It has now become customary for academics to debate the line between free speech and hate speech. Yale, for instance, recently hosted a panel discussion whose central topic was the difference between hate speech and free speech and “the point where one shifts into the other.”
The distinction has already been debated throughout the academy, with university presidents, students on both coasts, and even linguist George Lakoff asserting that hate speech is not free speech (in other words, that hate speech should be censored).
This framing of the debate – as a distinction between free speech and hate speech – is unfortunate. “Hate speech” is fundamentally a type of speech or a mode of discourse. Whether or not speech is hateful depends on the intention of the speaker, or at times, the effects that it has on its audience. “Hate speech” can be meaningfully juxtaposed against other phenomena in this family, such as “political” or “controversial” speech – whether or not speech is “political” or “controversial” depends strongly on the intent and context of the utterance). However, “free speech” is not a type of speech in this way.
The term “free speech” probably comes from the US Bill of Rights, which is concerned with delineating rights that the government does not have. The first amendment declares that Congress has no right to pass laws abridging freedom of speech. Here, “freedom of speech” refers to the freedom of people to speak without governmental interference.
Rather than consistently referring to people, however, we customarily shorten “freedom of people to speak” to “free speech.” Although punchy, this shortening suggests that it is speech, rather than people, that can be free or unfree. But in fact, restrictions on speech are restrictions on people. Consequently, we ought to be having a debate about people.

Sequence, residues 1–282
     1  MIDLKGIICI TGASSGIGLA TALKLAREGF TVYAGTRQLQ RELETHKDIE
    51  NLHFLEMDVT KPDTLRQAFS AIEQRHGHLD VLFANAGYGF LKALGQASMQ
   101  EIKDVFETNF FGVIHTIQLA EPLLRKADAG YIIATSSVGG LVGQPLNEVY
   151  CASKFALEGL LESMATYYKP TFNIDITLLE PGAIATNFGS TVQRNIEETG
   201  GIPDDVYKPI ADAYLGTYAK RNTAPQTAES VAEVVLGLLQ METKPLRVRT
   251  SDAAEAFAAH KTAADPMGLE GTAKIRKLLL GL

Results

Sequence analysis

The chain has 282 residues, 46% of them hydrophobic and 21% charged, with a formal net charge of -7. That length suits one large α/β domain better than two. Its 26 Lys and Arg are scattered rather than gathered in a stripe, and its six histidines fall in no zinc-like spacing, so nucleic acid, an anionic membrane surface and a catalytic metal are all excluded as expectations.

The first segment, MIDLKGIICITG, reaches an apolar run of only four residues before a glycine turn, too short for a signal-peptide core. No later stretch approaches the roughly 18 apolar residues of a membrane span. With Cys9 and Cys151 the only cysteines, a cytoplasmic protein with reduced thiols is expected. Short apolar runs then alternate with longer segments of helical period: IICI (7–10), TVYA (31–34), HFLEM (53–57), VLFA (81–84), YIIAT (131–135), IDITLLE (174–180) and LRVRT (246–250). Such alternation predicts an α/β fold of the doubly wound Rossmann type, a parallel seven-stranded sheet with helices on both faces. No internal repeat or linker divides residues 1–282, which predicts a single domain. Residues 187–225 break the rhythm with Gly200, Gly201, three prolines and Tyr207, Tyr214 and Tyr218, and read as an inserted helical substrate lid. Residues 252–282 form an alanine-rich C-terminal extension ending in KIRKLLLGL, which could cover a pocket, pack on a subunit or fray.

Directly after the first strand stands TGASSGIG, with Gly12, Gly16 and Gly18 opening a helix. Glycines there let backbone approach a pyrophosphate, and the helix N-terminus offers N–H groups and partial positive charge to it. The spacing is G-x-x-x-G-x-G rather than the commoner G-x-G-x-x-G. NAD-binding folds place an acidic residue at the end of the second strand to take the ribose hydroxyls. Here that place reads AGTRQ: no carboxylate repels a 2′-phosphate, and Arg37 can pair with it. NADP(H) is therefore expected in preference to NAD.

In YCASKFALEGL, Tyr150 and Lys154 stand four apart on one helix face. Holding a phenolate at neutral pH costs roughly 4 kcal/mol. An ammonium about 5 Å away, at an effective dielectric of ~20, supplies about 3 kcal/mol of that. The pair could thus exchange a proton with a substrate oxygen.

Now, one might (incorrectly) believe that freedom of speech only helps the powerful. One might (incorrectly) believe that students’ views are easily swayed by allegedly immoral speakers. One might feel a sense of obligation to protect students from the stress or hurt that they might feel when confronted with provocative views.
Nonetheless, when we empower and encourage administrators to determine what forms of speech are acceptable on campus, our own freedoms are undermined.
Any academic rule that abridges the freedom of speech enhances the ability of others to exercise arbitrary power over us. We are demoted from a “free” to a “censored” (or at least, “censorable”) status. And, as progressives are rediscovering, bureaucrats and administrators interested in maintaining a pristine brand for their institution are perhaps more likely to censor provocative people on the left than on the right when empowered to do so.
Therefore, regardless of your own political commitments, ask yourself: when do you want administrators to have the right to censor you? Keep in mind that granting them the power to censor you implies permission to surveil as well, monitoring what you write in emails, what you post on Twitter, and your interactions with university stakeholders, both on campus and beyond.
These realities become much clearer when the discussion is shifted from discussing “free speech” to undermining the rights of people to express themselves freely. Restrictions aren’t being imposed on speech – they’re being imposed on people.
Faculty, consider when it is appropriate for your colleagues or your dean to regulate your freedom before you request the disinvitation of someone else. And when you get involved in a campus discussion about this issue, please discard “free speech” and talk about free people instead. I suspect the conversations will be much richer and more productive.
Chris Martin is a postdoctoral fellow at Georgia Institute of Technology (Georgia Tech). He received his PhD in sociology from Emory University and serves on the executive committee of Heterodox Academy.